Great minds think about the same topics at the same time.
Or maybe another way to put it is that strategy guys start thinking about business strategy questions at the same time because it’s time to start thinking about strategic planning!
On Sunday afternoon, customer experience strategy and innovation expert Woody Bendle emailed this new blog article on business strategy questions. I saw the email, but didn’t take a look at the article. Later Sunday night when I decided to write a blog post for Monday, I did a Twitter search on #strategic to find creative inspiration. The result was a blog post on…you guessed it…business strategy questions! While there is a little bit of overlap with Woody’s article, his questions are focused on generating the strategy while the ones from the previous column were more for reviewing strategy after it’s been completed.
So with that setup, here’s Woody!
7 Business Strategy Questions from Woody Bendle
Strategy and strategic planning needn’t be mysterious nor overly complicated although many organizations do in fact overcomplicate strategic planning. The problem with this is complicated strategic planning processes tend to lead to needlessly complex strategies. And the more complex your strategy, the less likely it is to be executed successfully.
After being involved with and/or leading strategy development for more than 20 years, I’ve found that organizations can develop a highly effective strategy by asking and answering just seven key questions.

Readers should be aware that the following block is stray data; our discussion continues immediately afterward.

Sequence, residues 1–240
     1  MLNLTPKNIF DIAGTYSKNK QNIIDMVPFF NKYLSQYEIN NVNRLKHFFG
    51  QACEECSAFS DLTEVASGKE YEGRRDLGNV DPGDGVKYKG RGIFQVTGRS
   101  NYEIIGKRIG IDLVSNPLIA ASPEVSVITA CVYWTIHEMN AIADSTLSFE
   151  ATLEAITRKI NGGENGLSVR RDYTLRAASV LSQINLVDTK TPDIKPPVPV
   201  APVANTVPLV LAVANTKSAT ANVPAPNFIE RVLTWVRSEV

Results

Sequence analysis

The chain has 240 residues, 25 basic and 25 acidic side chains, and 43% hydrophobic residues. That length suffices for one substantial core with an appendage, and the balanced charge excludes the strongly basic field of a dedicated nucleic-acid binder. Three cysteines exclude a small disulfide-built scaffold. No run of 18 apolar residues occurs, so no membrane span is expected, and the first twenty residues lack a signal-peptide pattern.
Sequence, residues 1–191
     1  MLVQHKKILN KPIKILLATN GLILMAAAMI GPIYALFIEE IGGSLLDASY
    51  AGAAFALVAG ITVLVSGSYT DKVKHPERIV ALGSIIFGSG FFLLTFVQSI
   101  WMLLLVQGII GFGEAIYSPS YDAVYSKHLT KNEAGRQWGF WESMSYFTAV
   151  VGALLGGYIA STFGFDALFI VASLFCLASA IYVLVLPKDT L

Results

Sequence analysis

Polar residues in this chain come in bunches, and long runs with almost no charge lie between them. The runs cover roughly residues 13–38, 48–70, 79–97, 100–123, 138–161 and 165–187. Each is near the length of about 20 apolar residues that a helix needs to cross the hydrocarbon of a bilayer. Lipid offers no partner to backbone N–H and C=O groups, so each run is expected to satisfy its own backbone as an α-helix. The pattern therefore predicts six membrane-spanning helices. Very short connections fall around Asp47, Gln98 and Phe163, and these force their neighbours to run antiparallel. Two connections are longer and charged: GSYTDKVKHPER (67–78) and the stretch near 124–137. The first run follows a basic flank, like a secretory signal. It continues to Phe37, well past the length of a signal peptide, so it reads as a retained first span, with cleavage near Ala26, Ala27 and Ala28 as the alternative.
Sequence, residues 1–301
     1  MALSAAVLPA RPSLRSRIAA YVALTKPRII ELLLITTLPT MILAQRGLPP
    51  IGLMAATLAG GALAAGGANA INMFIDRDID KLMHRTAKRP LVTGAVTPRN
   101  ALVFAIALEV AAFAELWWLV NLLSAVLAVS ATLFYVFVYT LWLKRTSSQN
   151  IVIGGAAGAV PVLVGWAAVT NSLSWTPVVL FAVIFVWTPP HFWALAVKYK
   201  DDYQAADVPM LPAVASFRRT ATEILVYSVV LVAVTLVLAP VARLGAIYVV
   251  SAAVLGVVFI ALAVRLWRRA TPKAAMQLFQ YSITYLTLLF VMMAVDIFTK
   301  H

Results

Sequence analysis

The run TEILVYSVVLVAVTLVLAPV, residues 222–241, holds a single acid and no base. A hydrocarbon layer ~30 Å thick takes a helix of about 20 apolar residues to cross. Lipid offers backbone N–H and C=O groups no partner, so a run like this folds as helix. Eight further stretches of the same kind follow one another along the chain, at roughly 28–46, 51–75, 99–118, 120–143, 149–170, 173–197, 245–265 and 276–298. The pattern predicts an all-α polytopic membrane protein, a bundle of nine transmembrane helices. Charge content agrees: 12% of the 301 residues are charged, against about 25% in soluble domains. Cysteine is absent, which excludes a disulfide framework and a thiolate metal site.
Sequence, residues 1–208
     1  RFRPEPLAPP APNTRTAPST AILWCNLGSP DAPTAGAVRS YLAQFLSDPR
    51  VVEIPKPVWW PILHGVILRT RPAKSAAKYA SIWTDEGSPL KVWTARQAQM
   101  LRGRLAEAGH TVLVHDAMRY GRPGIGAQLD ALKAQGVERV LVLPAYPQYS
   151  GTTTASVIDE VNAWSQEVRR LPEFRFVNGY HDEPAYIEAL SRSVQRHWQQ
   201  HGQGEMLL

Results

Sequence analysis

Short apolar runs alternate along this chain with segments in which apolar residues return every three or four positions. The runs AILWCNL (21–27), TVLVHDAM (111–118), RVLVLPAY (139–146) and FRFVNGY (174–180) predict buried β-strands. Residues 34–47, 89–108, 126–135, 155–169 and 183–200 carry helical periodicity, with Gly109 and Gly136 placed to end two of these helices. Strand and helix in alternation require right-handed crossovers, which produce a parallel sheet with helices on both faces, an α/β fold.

- What are we trying to accomplish?
- Why are we trying to do this?
- What are our core values or what things do we believe in?
- What are the things we need to do in order to accomplish what we’re wanting to accomplish?
- How will we know if we are making progress towards our stated goals and objectives?
- What things (both internal and external) could get in the way of us achieving our goals and objectives?
- What things are we willing and or prepared to do if we are not achieving our stated goals or objectives at the rate desired?
Granted, these are pretty meaty questions; but you have to admit, they are pretty straight forward.
One thing I’ve definitely observed over the past 20 years is that the more straight forward your approach to strategy, the more straight forward your strategy will be; and the more likely it is that your strategy will be successfully executed.
And after all, the point of a strategy and a strategic plan is to define what success looks like for your organization and determine what all needs to be done in order for your organization to be successful.
I think Yogi Berra sums up this sentiment nicely, “If you don’t know where you are going, you might wind up someplace else.” – Woody Bendle
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